You'd Appreciate Pissed Jeans, Too, If You Were a Pennsylvanian

Actually, if you grew up in some stupid town anywhere, you can probably relate.

Fuck it: Pissed Jeans are the best punk-rock band since Mudhoney. Last year, on 6/6/06, the pride of Allentown, Pa., released a 7-inch called "Don't Need Smoke to Make Myself Disappear." It was about this guy who didn't need smoke to make himself disappear. In the song, Pissed Jeans' singer, Matt Korvette, growled about being a server in a restaurant and hating all the customers: "And those shoes are tight," he sang about one patron in particular. "They must be new—I wouldn't mind if you tripped in a puddle or two." The music backing up his teeth-clenched sneers sounded like it was an animal ripping something apart. The anger packaged neatly into that little square single was unlike any other, and when I first set that needle to vinyl, all I knew is that I wanted more.

If you grew up in some stupid town in Pennsylvania, like me, you can probably relate. Actually, if you grew up in some stupid town anywhere, you can probably relate. Punk rock like this is the direct by-product of living in working-class river towns where bad ideas, poor dope, and shit jobs all roll down the hillsides, creating a unique and ugly socioeconomic stew in the valley.

The region in question with Pissed Jeans is the Lehigh Valley, 100 miles from both New York City and Philadelphia on the Jersey border. When four dudes with no conscience get together to play music in this kind of place, the result is a mess of feedback-driven rage. It's the sort of music you listen to while breaking lawn furniture or stabbing a notebook with a pencil. Sure, I did this kind of stuff and have since moved on. But I still haven't let go of the boiling pit of bullshit I lug around inside me from growing up in the middle of nowhere and going to K-Mart with Mom to buy my school clothes. And neither have Pissed Jeans—because they are all adults now and haven't left the Lehigh Valley.

Pissed Jeans' upcoming full-length (and by the way, the guys in Pissed Jeans are the kind who would snicker at the sexual innuendo of "full-length"), Hope for Men, tears open with "People Person." The song is a pounding, frenzied number in which Korvette turns the hatred he projected on his customers from "Don't Need Smoke" toward a handsome, congenial co-worker.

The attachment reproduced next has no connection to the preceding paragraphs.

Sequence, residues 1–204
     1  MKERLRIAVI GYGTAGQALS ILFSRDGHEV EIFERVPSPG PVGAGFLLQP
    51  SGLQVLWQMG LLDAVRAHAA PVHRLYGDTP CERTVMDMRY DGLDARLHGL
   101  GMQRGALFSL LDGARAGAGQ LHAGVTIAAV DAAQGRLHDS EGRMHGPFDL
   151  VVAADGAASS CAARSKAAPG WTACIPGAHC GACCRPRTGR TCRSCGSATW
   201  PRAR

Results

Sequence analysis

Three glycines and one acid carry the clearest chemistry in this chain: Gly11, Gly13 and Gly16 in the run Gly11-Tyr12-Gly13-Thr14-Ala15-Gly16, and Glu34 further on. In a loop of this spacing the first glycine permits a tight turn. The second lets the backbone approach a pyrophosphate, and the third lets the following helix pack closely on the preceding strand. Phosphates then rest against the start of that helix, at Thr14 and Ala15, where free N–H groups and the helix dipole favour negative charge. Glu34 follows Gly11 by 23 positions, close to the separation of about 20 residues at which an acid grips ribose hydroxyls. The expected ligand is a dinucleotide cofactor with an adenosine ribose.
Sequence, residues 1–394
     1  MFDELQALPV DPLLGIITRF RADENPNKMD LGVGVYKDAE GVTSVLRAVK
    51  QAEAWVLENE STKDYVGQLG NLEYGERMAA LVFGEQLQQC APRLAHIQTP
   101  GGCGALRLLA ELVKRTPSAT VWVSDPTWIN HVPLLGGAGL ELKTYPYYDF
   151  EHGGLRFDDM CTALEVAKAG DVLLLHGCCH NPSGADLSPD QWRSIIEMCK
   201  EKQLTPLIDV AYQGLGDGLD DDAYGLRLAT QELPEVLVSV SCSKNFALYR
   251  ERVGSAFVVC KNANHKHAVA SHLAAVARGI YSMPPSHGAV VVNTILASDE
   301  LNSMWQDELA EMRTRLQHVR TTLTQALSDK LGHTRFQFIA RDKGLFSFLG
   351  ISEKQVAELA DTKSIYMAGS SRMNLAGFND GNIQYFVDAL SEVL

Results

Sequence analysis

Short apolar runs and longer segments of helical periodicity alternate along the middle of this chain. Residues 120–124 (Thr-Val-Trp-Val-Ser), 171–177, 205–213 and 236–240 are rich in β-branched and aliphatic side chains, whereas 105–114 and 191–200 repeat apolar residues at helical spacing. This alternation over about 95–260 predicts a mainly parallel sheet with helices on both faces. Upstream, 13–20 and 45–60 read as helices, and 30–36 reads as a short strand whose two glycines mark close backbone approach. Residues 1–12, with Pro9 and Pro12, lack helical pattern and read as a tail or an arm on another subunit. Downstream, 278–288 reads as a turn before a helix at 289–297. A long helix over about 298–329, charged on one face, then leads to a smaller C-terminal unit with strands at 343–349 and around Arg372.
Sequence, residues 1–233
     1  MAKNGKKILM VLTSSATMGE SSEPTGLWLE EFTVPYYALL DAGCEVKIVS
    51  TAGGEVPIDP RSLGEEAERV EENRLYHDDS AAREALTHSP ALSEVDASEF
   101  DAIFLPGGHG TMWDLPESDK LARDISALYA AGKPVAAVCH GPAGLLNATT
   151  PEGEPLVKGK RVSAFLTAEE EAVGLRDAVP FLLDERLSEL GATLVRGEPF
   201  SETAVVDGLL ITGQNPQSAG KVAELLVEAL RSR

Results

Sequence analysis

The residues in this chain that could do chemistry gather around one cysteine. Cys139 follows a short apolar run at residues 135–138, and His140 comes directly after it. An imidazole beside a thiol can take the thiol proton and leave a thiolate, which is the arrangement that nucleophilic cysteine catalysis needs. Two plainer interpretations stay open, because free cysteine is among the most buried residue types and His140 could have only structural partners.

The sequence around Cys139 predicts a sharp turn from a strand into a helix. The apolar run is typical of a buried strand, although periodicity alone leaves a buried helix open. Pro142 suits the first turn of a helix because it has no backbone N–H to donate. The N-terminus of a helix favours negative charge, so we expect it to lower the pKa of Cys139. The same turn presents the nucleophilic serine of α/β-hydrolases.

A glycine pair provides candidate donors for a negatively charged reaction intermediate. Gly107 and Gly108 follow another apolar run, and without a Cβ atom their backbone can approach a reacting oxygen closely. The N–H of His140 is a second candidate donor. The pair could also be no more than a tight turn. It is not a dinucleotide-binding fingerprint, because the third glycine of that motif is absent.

Herein lies the secret of Pissed Jeans: They all still live in their hometown and have grown-up jobs that make them angry. You think you're hardcore? Fuck that. The bassist for this record, Dave Rosenstrauss, converts cars to run on biodiesel. Guitarist Bradley Fry works in account management somewhere, and singer Korvette is a claims adjuster for an insurance company. They mean it.

"People Person" sets the tone for the rest of the record, which is pretty much a knuckle-dragger of post-hardcore sludge from end to end. Songs like "Secret Admirer" and "Caught Licking Leather" are working-class punk masterpieces that sound like they were made out of dirt and hand grenades. The tempos plod along with choruses erupting into bashing Neanderthal insanity, recalling the glory days of Flipper, Fang, the Dicks, and Drunks With Guns. Elsewhere, Pissed Jeans prove themselves capable of a hell of a lot more than hairy-man rock. "Scrapbooking" and "The Jogger" are snarling, ambient pieces on which Korvette flexes his Iggy-like barks and growls while dirgey piano, feedback, and chains rattle behind him.

Punks everywhere have been waiting for a record like this, one that emerges from the muck and mire that is Joe Six-Pack's life. Some of us just have a few beers to wind down after work. Others get stoned. Some play tennis at Green Lake. Most watch television. Not Pissed Jeans. They get skuzzy in their basement with guitars and drums.

But considering how the success of Pissed Jeans' music hinges on them keeping their day jobs, the catch-22 looms large.

bbarr@seattleweekly.com

 
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